One thing I noticed with the Hyalites, although it did not happen during the test period.  I dropped one of the wheels when I was hanging it on a hook in the garage, so it took a dead drop from 6’ to the concrete floor, landing on one rim edge.  Oh oh!  That put a pretty good dent into the rim bead.  Well, I got really good at getting that type of damage out of a rim brake wheel during the good old days, so off I went in search of a hammer, a piece of 2×4, and a drift.  With care, you can tap the rim back into decent shape, using the 2×4 as a flat surface for the side of the rim to rest on.  I have done this a lot over the years, not just for the benefit of restoring a decent braking surface, but also to restore a good tubeless bead interface on a disc brake wheel. I was surprised to find how easily the material in the rim moved back into shape, telling me that the aluminum alloy is a bit on the softer side or it is a thinner extrusion.  However, I will note that it did not affect the trueness of the rim one bit. Editor’s Note: Rolf Prima tells us now that the Sojourn is actually a different alloy than the original Hyalites“. Also, that the Sojourn wheel is a thicker extrusion and more resistant to abuse, than the Hyalites Grannygear mentions here.

Moral of that story?  If I was a big or aggressive rider in heavy rocks, I might think about a more stout rim.

Bicycle leaning upon a railing

At The Finish: Once again I was impressed with how the unique spoking of the Rolf-Prima Sojourns gave the wheels a lively feel, the weight per cost is quite good, and the width buys you more tire volume and the potential for lower tire pressures without giving away handling.  And for $699.99, that ain’t hay.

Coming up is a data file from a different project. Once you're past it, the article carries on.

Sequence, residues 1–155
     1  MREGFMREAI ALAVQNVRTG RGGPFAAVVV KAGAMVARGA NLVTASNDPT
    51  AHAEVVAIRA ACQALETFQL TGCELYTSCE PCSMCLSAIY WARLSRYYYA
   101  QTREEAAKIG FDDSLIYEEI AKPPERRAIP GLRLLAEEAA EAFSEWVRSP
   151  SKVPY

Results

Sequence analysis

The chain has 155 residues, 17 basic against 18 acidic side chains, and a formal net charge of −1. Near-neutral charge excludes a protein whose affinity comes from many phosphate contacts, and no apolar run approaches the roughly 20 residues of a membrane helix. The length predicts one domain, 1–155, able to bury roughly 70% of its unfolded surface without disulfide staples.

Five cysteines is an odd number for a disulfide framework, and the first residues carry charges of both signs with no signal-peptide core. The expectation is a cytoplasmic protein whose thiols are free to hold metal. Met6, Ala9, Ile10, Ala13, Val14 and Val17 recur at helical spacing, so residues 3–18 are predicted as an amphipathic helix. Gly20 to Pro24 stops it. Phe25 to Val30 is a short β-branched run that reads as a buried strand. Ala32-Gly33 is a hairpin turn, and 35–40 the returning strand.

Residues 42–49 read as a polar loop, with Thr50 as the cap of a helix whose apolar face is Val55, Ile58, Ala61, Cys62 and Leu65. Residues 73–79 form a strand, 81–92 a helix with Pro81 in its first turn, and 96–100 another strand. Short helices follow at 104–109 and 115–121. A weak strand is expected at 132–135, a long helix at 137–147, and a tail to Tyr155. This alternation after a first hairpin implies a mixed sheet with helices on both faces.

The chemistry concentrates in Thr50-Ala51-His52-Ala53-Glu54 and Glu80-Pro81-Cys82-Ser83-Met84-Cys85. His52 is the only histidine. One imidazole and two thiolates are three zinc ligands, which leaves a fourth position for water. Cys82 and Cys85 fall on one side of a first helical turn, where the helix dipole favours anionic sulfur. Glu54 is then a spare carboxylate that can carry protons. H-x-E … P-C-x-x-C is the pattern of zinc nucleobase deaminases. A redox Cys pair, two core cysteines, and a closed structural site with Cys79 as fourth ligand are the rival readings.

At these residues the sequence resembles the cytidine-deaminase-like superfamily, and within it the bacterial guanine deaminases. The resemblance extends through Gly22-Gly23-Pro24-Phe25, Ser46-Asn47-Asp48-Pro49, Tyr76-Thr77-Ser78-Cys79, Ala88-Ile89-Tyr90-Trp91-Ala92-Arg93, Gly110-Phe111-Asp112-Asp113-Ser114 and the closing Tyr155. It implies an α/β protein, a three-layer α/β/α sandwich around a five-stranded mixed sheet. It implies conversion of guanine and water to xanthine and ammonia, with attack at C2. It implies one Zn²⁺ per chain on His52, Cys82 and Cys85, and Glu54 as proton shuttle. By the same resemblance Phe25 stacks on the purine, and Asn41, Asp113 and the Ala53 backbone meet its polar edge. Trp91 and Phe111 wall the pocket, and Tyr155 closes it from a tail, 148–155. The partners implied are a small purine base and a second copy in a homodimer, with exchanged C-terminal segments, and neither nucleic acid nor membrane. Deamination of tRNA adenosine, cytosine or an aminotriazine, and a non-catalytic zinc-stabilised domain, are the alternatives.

You can check out the Sojourn from Rolf Prima at their website here; https://rolfprima.com/products/sojourn

Notes: *While Grannygear has given specific tire pressures, please understand that this is what worked for him at his weight. Anyone else undertaking similar experiments with tire pressure should do so under advisement that your pressures will likely look different than Grannygear’s, and maybe very different, dependent upon your weight and riding style.

Rolf Prima sent over the Sojourn wheel set to Riding Gravel for test and review at no charge. We are not being paid, nor bribed, for this review and we will always strive to give our honest thoughts and views throughout.

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Grannygear

Author: Grannygear

Grannygear hails from SoCal and spent most of his cycling days as a mountain biker from the formative years of mountain biking all the way up to the present day. His day job is in the tech sector, but he has spent time writing about off road 4X4’s, 29″ mountain bikes, and cycling in general. Grannygear and Guitar Ted have worked off and on together since 2009 after a chance meeting at Interbike. With gravel cycling on the rise, Grannygear has been exploring how this genre’ works in SoCal and now does guest pieces for RidingGravel.com in his spare time.